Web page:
Dr. Iezzoni said she decided on anonymity for the doctors because she thought it would be difficult to get physicians to openly admit that they treat patients with disabilities differently, and not only because of the legal repercussions of violating the Americans with Disabilities Act. They also “don’t want to come across as horrible people,” she said.
People with disabilities who were interviewed for this article said the strategies doctors described to limit their care or get rid of them rang all too true.
Jason Miller, 46, who lives in Green Bay, [Wisconsin], has a rare bone disorder, osteogenesis imperfecta, and says he has suffered many indignities. For example, when he called a doctor for an appointment, all went well until he mentioned he used a wheelchair. Then, all of a sudden, he said, his appointment was canceled. The person he was speaking to at the doctor’s office said there was a mistake — the doctor was on vacation. They would call back to reschedule. They never did.
August Rocha, 27, who lives in Milwaukee, and makes TikTok videos about being transgender and disabled, has Behçet’s disease, a genetic disorder that causes chronic pain. He uses both a wheelchair and a walker. And he says he has heard it all.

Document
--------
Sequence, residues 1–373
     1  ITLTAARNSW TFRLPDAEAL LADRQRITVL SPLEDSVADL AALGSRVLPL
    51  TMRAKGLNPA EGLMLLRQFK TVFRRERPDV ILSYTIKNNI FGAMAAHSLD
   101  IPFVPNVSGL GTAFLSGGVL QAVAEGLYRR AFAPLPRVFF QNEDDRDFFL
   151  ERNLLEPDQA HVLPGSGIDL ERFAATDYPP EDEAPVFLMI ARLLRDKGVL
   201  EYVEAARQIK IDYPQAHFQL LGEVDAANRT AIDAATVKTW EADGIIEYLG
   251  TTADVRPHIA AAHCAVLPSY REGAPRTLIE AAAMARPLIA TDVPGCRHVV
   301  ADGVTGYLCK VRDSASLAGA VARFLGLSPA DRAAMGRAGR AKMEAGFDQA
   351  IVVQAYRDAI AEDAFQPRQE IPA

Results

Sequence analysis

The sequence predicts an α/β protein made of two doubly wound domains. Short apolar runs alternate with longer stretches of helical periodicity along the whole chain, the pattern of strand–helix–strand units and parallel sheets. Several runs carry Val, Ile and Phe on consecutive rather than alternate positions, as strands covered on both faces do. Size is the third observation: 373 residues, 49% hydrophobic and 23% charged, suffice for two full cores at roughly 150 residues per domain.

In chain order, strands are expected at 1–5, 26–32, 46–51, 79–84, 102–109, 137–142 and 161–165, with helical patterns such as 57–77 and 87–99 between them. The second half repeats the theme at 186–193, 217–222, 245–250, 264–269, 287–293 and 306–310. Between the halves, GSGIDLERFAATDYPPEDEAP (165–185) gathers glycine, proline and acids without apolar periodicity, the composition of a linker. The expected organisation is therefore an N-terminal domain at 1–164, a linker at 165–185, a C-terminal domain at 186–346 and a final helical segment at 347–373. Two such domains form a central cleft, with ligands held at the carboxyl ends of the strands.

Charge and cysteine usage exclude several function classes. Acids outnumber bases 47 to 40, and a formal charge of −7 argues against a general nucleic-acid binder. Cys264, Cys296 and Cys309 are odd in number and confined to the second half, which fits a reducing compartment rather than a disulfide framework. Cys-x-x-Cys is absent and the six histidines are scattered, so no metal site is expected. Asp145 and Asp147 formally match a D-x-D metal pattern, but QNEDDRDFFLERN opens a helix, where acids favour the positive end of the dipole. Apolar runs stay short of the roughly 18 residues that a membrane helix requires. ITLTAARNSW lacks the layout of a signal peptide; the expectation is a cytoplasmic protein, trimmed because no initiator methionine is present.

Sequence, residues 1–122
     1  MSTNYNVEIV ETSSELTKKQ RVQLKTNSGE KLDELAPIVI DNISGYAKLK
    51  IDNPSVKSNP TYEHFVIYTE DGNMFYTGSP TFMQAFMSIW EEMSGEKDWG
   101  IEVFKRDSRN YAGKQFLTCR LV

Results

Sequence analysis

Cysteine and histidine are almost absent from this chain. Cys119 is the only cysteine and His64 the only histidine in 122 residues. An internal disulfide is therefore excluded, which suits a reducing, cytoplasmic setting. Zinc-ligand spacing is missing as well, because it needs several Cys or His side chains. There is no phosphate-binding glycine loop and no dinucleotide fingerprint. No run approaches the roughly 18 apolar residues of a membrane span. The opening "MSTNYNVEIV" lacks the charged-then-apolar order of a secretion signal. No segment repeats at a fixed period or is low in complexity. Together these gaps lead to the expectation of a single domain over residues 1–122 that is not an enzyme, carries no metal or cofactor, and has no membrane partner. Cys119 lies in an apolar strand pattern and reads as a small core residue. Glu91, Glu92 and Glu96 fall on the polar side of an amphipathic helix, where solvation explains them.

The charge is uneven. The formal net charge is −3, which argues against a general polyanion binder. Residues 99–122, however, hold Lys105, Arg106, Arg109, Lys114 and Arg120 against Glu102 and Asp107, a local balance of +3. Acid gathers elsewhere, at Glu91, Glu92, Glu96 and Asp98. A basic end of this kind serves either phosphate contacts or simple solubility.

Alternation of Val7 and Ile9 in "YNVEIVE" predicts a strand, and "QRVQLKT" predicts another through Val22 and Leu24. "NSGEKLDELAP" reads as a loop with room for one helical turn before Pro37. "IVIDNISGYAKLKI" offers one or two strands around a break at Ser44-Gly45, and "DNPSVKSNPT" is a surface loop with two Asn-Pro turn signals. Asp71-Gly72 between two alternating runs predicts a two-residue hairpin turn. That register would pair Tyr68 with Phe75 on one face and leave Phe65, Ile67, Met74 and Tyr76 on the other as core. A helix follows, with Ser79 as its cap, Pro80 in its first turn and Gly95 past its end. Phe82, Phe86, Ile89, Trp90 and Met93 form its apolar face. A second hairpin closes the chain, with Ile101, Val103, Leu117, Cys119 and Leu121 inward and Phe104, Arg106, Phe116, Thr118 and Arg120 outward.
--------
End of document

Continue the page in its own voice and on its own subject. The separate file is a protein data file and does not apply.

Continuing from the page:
“Some will find every excuse not to see you. They will say, ‘Our machinery isn’t good enough for you. Maybe you shouldn’t come in.’” Or doctors will have trouble examining him because they cannot get him onto an exam table, so he said they will tell him directly, “I really don’t know what to do with you. Maybe you should go elsewhere.’”
He hesitates to complain. “You want the doctor to be on your side,” he said. And he worries that the doctor might spread word that he is a difficult patient, making other doctors spurn him.
Dr. Lagu said there are no easy solutions. One change she would like to see, which the National Council on Disability proposed this year, is including disability in the data health care systems collect about their patients. Not doing so makes it impossible to track disparities in treatment and outcomes.
“We have data on racial disparities because health systems are forced to collect data on race,” Dr. Lagu said.
Doctors need to know ahead of time that they will be seeing a patient with a disability. All too often, Dr. Lagu said, a patient will call and explain their disability, but the doctor’s office does not convey the message to the provider. “At the end of the day, when they get there, the doctor still doesn’t know the patient is coming,” she said.
Dr. Iezzoni said accessibility is another high priority for patients. That includes equipment, like exam tables with adjustable heights and scales that can weigh everyone, as well as communication accommodations for those whose hearing, vision or speech is impaired. Many patients also want doctors to have some knowledge about their conditions while appreciating a patient’s extensive knowledge of how disability affects their daily lives.
But that is just the start.
When it comes to discriminatory thinking around disability, “I know for sure that we have to change the culture of medicine,” Dr. Lagu said.